Procrastination appears to be synonymous with politics in Europe these days. The UK went to the polls and voted to leave the European Union in June 2016. The deadline for a deal left plenty of time for the leaders of the EU and UK to make plans and reach agreements that would fulfill the will of the citizens that voted to divorce from the rest of Europe when it comes to economic and political considerations. It is now the month of March 2019. The deadline for a deal is March 29, 2019. So far, the Prime Minister of the UK agreed to a proposal with the leadership of the EU, but the UK Parliament summarily rejected the plan.
Parliament’s rejection was not even close as the membership overwhelmingly voted against the proposal. However, by a narrow margin, they told the Prime Minister they still had enough confidence in her to send her back to the negotiating table to achieve a better deal. As of March 15, 2019, there are 14 short days before the deadline and expiration of the UK’s membership in the EU. No deal would cause a hard Brexit with no agreement over political or economic concerns by both parties. The potential for volatility over the coming days is rising, and we could see it reach a feverous pitch. Both the British pound and stock market in the UK are likely to see lots of price variance in the days leading up to the deadline as procrastination seems to be the only thing both sides have agreed on in recent days. The iShares MSCI United Kingdom ETF product (EWU) holds some of the top companies that trade on the UK stock exchange.
The pound is on an upward trajectory since the January 3 low
The Brexit clock has been ticking since late 2018, and in mid-December, the British pound fell to its lowest level against the US dollar since April 2017 when the currency hit $1.2479 on the continuous futures contract.
The daily chart of the March British pound versus US dollar futures contract shows that as the clock ticks down to the zero hour on March 29, the pound has been moving to the upside making higher lows and higher highs. The most recent peak came on March 13 after the Parliament voted to rule out the possibility of a hard Brexit. The vote was close at 312 to 308, and it was non-binding. However, the prospects of the uncertainty of a divorce from the EU with no plan, or no understand left the members of Parliament with few choices.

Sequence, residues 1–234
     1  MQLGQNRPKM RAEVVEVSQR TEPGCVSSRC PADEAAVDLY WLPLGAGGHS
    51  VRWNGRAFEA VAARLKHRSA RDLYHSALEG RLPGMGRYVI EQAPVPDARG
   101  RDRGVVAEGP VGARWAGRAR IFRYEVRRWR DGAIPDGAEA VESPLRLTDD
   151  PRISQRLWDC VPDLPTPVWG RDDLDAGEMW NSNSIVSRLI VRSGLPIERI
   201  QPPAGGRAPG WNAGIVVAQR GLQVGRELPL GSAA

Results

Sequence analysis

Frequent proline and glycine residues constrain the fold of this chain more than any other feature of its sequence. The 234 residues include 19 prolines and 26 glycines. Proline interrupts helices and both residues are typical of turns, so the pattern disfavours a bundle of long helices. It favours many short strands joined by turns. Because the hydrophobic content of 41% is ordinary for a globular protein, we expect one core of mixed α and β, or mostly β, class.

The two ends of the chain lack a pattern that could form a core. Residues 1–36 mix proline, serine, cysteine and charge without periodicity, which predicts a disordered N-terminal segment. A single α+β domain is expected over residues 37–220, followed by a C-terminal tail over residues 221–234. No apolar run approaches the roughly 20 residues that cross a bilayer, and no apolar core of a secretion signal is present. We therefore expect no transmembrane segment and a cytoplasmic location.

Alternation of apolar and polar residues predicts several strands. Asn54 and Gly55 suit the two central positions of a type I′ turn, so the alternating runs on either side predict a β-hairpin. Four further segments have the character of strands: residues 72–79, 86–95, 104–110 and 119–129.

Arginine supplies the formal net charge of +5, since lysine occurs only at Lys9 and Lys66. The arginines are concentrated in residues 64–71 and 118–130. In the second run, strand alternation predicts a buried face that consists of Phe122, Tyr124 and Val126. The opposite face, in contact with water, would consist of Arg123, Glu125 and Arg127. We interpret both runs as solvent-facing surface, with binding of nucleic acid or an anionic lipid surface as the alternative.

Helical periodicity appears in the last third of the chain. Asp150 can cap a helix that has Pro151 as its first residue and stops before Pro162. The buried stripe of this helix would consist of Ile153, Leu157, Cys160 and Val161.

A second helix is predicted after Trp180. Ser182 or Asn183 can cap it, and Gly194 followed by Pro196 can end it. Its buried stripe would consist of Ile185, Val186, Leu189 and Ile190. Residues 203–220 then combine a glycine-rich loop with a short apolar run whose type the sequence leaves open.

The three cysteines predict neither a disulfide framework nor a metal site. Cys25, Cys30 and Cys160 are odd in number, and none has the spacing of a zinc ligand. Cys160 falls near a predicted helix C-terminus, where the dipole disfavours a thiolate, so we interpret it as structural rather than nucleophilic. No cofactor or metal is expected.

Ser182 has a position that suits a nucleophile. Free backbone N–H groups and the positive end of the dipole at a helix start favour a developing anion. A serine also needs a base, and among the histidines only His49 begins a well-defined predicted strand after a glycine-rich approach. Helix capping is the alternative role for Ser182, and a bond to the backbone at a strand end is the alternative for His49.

The rejection of allowing the deadline to pass and the chips fall where they may, will lead to another vote on March 14 to extend Article 50. Since Parliament voted against doing a quick a messy exit from the EU, it would only make sense that they will look to continue the period for negotiations beyond the drop-dead date on March 29.
The pound dropped from $1.50 to $1.20 against the dollar in the aftermath of the June 2016 referendum. The British currency is in desperate need of certainty. However, it appears that the currency market would favor the status quo and no Brexit at all.
Time is running out- The UK passes the decision to the EU
Even though the Parliament voted against leaving the EU without an agreement in place and will likely vote for an extension, the final say on extending Article 50 will go back to Brussels and the leadership of the European Union. The EU does not wish to see a divorce without a specific deal in place to address the many issues that will face the UK and the remaining members on the continent and in Ireland. One more than one occasion the leadership has told Prime Minister May and the UK legislative body that they have agreed to what they consider the final deal, and they have no more room to negotiate. The EU is playing hardball with the UK to set a precedent for other members who may consider an exit in the future. The last thing the EU wants to see is a revolving door that could jeopardize the future of the union. Therefore, it may be difficult for them to even agree to more time and could strategically attempt to push the UK to the brink over the coming two weeks. However, when push comes to shove, a hard Brexit would be as complicated and destabilizing for Europe as it would be for the UK. I continue to believe that the two sides will reach some agreement at the eleventh hour, perhaps at 11:59:59 on the final day before the UK’s membership expires.